There is one Big Difference, though, between living in Small-Town New York City and living in a Real Small Town. And here it is. No one (at least no one I’ve run into in 30 years of living here, thank god) in New York does this small-town thing called ‘dropping in’.

‘Dropping in’ is a neighborly custom in places like Carlyle, where people actually ‘drop in’ to visit  (‘stop by’ is also used occasionally) — without calling, without texting, without any warning at all (!) Here’s another view of the main drag, to set the tone, so to speak:

Main drag, Carlyle. Looking east toward houses where people drop in (about where those trees are)

And here’s an actual example of ‘dropping in’, from one of my last visits to Carlyle when my parents were still living at 631 Livingston Street.

Setting: My parents’ screened-in porch.

Mom and I are sipping coffee and chatting. A car pulls up. Two women get out and approach us.

Older One: ‘Good morning, Myrna!’ 

Younger One: ‘Why, hello, Alice!’

They sit, they accept a cup of coffee, they chat. After a while, they leave.

I turn to my mother and ask, ‘Who was that?’

She replies, ‘I’m not sure’.

So much for ‘dropping in’. Please, if you live in New York, promise you won’t adopt this custom. At least not with me.

So that’s the Small Towns Smooshed Together Theory. If you’d like more colorful tales of my town, there’s some good stuff in this post. If you’d like to learn more about my other theories, please do check out my Food Theory of Books. In future, I’m planning to expound about my Cost-per-Wearing (CPW) Theory of Smart Dressing as well as my Stay-Out-of-the-Way Theory of Smart Child Raising. Stay tuned. I’m sure your excitement knows no bounds.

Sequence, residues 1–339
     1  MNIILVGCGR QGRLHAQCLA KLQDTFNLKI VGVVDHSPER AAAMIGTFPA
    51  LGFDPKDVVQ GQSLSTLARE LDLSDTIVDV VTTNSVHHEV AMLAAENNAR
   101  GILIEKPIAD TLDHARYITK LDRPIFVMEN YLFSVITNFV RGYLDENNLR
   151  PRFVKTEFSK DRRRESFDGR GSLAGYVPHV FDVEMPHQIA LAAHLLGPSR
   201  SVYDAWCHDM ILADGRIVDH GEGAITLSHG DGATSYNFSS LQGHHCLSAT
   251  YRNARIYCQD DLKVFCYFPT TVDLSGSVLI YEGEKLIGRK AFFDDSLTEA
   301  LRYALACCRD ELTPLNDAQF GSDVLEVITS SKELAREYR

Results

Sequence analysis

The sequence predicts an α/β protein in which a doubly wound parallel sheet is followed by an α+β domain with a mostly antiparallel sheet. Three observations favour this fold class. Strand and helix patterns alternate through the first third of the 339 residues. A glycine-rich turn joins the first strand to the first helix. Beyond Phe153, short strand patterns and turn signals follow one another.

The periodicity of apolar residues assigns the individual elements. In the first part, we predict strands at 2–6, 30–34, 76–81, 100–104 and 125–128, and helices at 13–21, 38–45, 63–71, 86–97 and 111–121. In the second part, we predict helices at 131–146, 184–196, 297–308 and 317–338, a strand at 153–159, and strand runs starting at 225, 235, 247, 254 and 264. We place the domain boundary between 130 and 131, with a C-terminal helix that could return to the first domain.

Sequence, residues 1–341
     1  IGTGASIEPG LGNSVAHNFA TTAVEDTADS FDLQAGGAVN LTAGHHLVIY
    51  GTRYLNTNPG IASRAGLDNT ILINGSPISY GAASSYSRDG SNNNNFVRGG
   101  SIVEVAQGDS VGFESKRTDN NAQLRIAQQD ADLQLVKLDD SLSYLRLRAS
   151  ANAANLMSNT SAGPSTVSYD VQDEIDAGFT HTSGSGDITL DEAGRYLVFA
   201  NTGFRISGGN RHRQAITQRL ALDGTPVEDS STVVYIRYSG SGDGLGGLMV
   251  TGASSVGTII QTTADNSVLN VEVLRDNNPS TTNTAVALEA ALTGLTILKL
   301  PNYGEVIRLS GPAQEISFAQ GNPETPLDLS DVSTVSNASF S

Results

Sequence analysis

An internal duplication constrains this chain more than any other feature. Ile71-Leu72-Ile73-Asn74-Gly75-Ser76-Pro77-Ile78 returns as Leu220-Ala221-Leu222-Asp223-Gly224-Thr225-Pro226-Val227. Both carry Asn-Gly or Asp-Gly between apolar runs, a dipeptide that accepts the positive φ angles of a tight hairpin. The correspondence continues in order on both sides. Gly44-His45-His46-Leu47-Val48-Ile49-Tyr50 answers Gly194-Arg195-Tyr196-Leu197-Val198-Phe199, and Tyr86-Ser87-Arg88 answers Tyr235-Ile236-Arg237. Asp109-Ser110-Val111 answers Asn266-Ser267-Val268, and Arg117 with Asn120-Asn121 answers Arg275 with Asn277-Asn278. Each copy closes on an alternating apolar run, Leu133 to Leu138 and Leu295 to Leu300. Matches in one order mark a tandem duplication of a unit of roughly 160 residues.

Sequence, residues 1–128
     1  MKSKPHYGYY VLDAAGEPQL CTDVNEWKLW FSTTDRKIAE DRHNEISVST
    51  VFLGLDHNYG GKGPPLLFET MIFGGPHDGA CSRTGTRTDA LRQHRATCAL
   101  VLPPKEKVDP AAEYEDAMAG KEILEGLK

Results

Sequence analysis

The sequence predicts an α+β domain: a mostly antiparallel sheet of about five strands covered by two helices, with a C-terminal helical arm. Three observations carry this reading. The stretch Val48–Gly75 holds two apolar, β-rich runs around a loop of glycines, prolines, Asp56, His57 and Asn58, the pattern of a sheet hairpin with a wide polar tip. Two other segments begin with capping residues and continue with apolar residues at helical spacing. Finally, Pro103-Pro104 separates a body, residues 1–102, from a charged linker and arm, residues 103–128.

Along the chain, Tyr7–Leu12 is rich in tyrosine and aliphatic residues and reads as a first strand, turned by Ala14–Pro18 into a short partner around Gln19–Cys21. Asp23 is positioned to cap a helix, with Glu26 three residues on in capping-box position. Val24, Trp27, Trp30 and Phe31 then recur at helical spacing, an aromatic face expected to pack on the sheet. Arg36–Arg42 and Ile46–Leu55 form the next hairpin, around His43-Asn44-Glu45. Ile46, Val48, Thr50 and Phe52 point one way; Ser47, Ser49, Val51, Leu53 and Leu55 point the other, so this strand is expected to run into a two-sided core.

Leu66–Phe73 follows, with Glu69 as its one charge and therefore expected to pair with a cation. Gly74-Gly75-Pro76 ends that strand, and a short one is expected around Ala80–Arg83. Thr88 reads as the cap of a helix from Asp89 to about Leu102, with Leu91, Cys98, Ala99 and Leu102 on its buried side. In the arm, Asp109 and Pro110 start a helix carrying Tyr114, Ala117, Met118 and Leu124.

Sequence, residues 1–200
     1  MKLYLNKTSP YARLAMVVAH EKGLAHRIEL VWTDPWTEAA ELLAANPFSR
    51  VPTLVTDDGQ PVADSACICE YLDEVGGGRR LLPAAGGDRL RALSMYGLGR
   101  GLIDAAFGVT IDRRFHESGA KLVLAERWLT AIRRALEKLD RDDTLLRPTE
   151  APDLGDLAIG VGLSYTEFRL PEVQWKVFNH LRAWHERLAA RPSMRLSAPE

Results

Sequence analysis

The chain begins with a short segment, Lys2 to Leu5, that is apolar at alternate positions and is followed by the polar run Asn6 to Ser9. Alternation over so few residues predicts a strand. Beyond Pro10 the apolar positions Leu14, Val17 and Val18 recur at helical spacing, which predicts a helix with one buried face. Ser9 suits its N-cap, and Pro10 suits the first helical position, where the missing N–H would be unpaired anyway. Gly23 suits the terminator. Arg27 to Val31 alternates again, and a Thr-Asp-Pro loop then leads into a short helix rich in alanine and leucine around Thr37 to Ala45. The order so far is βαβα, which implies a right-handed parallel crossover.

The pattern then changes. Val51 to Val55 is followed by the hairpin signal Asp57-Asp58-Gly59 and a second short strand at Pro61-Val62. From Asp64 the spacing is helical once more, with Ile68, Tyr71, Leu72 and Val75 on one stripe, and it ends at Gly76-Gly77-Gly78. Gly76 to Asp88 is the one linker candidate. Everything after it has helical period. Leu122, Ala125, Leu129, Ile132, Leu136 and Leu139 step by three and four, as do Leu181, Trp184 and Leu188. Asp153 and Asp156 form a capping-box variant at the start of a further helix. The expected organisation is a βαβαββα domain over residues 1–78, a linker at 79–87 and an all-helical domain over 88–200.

New York City. October 2014

22 thoughts on “Small towns, Big City

  1. Hi! 2900 population is a small town, I can imagine everybody knew everybody and their business!
    I grew up in a small town too, although 3 times as big as yours, but I spent nearly all my adult life in a large town with hundreds of thousands of folks. Essentially a city in all but name. But I still found my people there, my like-minded folk, my community. I think as long as you find that, then you have a home ? sweet post, I enjoyed reading!

  2. Ha yes “dropping in” is such a small town thing. I’m always amazed when I visit my parents back in my small hometown how people are always just turning up at their door *shudders* I couldn’t think of anything worse.

  3. drallisonbrown

    2,900? Good Lord! The first high school I worked in had 2900 students! Your story reminded me of living outside of Boston, where every little town had a pizza place…Braintree House of Pizza, Weymouth House of Pizza….you get the idea. That’s literally how I knew I had entered into the next town.

  4. Norma Gerrish

    Love the post. Since I’m still a “small town gal” having returned to southern Illinois (moving back to God’s country from Naperville a.k.a. Chicagoland after 20 years in the big town) I would love for you to “drop in” or “stop by” any day of the week! …in fact, drop by and stay awhile!

  5. Lyle Delp

    Something else I’m guessing you won’t see in NYC:

    First time Patti visited Carlyle with me, we borrowed Dad’s Lincoln and drove around town. As we met oncoming cars, most drivers would lift an index finger off the steering wheel.

    Patti asked what they were doing, and I filled her in.

    “They’re waving”, I said.

    She replied “but they don’t know you”.

    They were waving at the car.

  6. Enjoyed this a lot Alice. Coming from Carlyle (and having spent a lot of time in NYC) this is spot on. And the pics were great. I think the second one of Main is looking east toward the courthouse square…but not sure. Keep up the good work!

  7. Love this, Alice. The comment about Chicago/Illinois reminds me of kids going to Harvard. It’s the reverse strategy, right? Ask a college kid where she goes to school and if she says “in Boston” you can be sure she owns stuff with H on it.